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Gun fitting conundrums

Discussion in 'Uncategorized Threads' started by Questor, Jan 15, 2008.

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  1. Questor

    Questor TS Member

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    Dec 4, 2007
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    I realize that a gun must fit reasonably well to shoot it well, and I take fit pretty seriously. Here's a little conundrum I've encountered. I got my trap gun during sweatshirt weather and shot and fit was very nice. Now that it's cold enough to require a sweater and a heavy coat I find fit a to be more challenging. I even caught myself "shouldering" the gun on my upper arm a couple of times. This was because of the bulk of the clothing.

    This makes me suspect that adjustable stocks make more sense than fitted stocks. It seems like it would make sense to have and adjustable butt-plate added that can be adjusted for summer wear and winter wear.

    Does this make sense to you?
     
  2. Bridger

    Bridger Member

    Joined:
    Jan 29, 1998
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    I try to wear the lightest clothing I can get away with and stay reasonably warm. Bulky clothing not only screws up your gun fit but hinders your movement. Graco does make an adjustable buttplate that can be adjusted for length of pull. Its not the prettiest thing you can add to your gun though and you have to chop off some of your stock to make it fit. Another solution is to just have a thinner pad fit to your gun to use during the winter season. A fitted stock can be ideal if the owner never changes. I often wondered why Kolar seems to always include an adjustable comb to their fitted stocks but I suppose it is to accomodate any changes the owner goes through.
     
  3. Setterman

    Setterman Well-Known Member

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    If necessary get a winter pad and a summer pad. Use a metal threaded receiver for the pad screws, and change to machine screws to bolt on the butt pads. If you don't, you'll eventually ream out the screw holes in the stock with your wood screws that connect the pad. You could also go to Gracoil adjustible butt plate, but it may change the feel/balance of the gun due to added weight. Good luck.
     
  4. Hipshot 3

    Hipshot 3 TS Member

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    This has ALWAYS been an age old problem! My solution has been to NOT disturb the summer[regular] gunfit[and POI], but to just simply wear the lightest coat I can get by with in winter. After all, we are only talking 15 min at a time. Before and after....wear the heavy stuff......OR stand extra close to your best girlfriend between rounds like I do!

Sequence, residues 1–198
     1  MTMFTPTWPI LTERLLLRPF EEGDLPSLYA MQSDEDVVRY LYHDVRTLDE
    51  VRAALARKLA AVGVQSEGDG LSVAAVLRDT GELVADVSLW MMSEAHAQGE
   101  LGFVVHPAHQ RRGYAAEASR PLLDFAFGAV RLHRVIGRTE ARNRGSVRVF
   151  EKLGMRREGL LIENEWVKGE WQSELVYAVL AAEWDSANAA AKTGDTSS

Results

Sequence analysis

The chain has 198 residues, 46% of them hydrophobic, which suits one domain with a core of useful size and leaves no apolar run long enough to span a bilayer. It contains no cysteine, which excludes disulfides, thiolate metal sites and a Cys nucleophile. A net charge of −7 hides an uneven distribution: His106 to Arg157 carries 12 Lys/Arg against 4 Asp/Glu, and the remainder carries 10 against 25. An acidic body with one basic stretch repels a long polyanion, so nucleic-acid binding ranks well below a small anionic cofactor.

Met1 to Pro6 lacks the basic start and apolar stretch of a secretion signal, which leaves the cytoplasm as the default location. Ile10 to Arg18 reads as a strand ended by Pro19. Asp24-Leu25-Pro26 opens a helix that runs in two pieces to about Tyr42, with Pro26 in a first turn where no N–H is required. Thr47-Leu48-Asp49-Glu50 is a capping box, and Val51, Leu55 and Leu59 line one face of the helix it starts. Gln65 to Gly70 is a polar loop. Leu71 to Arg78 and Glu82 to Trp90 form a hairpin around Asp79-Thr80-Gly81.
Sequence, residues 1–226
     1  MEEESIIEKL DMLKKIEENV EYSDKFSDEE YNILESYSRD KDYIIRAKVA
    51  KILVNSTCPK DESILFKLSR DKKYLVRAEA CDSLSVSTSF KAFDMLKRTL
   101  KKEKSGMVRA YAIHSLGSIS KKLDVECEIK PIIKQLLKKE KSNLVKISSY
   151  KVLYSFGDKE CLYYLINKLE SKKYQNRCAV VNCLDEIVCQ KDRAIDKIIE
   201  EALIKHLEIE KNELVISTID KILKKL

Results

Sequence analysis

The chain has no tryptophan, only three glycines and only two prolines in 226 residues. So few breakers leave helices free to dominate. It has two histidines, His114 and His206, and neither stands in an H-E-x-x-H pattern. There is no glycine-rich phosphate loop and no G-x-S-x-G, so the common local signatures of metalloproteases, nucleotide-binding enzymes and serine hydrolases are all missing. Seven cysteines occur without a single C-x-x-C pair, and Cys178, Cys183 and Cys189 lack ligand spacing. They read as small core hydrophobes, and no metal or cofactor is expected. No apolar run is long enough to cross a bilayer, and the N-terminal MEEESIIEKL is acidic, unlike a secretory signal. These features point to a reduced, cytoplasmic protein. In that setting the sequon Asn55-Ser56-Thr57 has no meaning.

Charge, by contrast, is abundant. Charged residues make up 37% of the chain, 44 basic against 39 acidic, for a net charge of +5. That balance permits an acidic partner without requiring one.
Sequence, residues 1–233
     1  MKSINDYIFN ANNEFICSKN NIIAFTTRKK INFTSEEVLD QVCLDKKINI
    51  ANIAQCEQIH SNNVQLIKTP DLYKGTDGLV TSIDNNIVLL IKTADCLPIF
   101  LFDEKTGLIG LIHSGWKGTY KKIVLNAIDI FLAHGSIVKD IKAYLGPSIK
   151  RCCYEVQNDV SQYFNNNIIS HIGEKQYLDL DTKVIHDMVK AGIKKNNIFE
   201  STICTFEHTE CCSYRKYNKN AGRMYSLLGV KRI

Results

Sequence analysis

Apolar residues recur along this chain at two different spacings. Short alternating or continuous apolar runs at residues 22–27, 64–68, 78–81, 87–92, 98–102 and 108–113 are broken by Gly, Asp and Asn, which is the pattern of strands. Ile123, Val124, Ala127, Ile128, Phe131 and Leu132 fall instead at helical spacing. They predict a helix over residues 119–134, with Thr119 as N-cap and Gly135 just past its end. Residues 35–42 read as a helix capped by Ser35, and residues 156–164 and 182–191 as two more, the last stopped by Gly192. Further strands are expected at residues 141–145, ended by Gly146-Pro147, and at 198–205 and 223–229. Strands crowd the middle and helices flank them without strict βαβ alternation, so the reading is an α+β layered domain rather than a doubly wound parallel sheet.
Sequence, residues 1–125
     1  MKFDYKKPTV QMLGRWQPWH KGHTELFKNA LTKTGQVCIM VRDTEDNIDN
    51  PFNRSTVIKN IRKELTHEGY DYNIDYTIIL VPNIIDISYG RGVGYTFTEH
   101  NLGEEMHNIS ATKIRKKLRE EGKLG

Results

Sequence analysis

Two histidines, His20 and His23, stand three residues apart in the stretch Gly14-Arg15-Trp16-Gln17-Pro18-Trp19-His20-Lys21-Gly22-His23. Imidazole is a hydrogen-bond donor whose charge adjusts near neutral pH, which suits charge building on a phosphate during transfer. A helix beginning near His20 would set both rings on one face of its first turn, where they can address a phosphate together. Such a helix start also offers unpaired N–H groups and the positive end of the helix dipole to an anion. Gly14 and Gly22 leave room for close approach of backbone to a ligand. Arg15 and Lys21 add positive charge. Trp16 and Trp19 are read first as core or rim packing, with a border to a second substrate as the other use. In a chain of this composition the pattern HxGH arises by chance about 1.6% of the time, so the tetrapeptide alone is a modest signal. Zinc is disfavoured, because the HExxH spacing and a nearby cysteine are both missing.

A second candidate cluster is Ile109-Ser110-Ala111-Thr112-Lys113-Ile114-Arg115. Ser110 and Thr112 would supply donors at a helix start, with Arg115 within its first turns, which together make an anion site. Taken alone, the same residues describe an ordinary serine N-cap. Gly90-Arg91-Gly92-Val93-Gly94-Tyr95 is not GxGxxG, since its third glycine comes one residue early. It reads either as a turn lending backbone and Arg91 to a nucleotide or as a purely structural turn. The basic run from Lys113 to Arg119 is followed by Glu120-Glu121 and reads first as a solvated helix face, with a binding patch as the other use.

5. ffwildcat

    ffwildcat TS Member

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    Feb 27, 2006
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    My kid has a PFS on his perazzi so we don't fret too much over adjustability but he hates wearing too many clothes so we wear the BEST possible thermal layers you can get and that has made a huge difference in establishing a consistent mount regardless of weather. A light, thin windproof/waterproof jacket over under armour is about all you need.
     
  6. zzt

    zzt Well-Known Member

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    You want a fitted stock. If you also get the fitted stock equipped with an adjustable comb and adjustable butt plate, so much the better.

    However, you don't want to be messing around with that stuff between summer and winter. I had two recoil pads fitted to my gun. 1 1/8" thick for Summer and 15/16" thick for Winter. I don't use the Winter pad because the clothing I wear is not that thick.

    I wear a very thin, wicking base layer with a Patagonia or Lowe Alpine lightweight fleece or Aleutian mid layer and a breathable waterproof shell. Total thickness uncompressed is between 1/4" and 3/8". Compressed by the butt pad it is next to nothing. Keeps me toasty down to 30 degrees (lower if I wear a slightly thicker fleece). Any colder than that and I wear my Beretta down shooting jacket. Down compresses to almost nothing behind the butt pad, so it doesn't add any thickness either. The only problem with that jacket is you sweat rivers if the temp goes above freezing.

    Take a look at that kind of stuff. IMO Lowe Alpine makes the best fleece wear under their Aleutian label. Their Dry Flo stuff is terrific if it's colder. The best breathable shell is from Patagonia. You want the ones they make for cyclists or cross country skying. Plenty of room for movement, great breatability, and they scrunch up to fit in your pocket. If you buy two weights of the mid-layer fleece, you'll be set for anything down to 10 degrees, unless you plan on standing around for hours on end.
     
  7. Dickgshot

    Dickgshot Well-Known Member

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    If you take a little extra time to pull the stock firmly into the pocket when you're wearing extra clothing, you'll find that the difference in length isn't that much.
     
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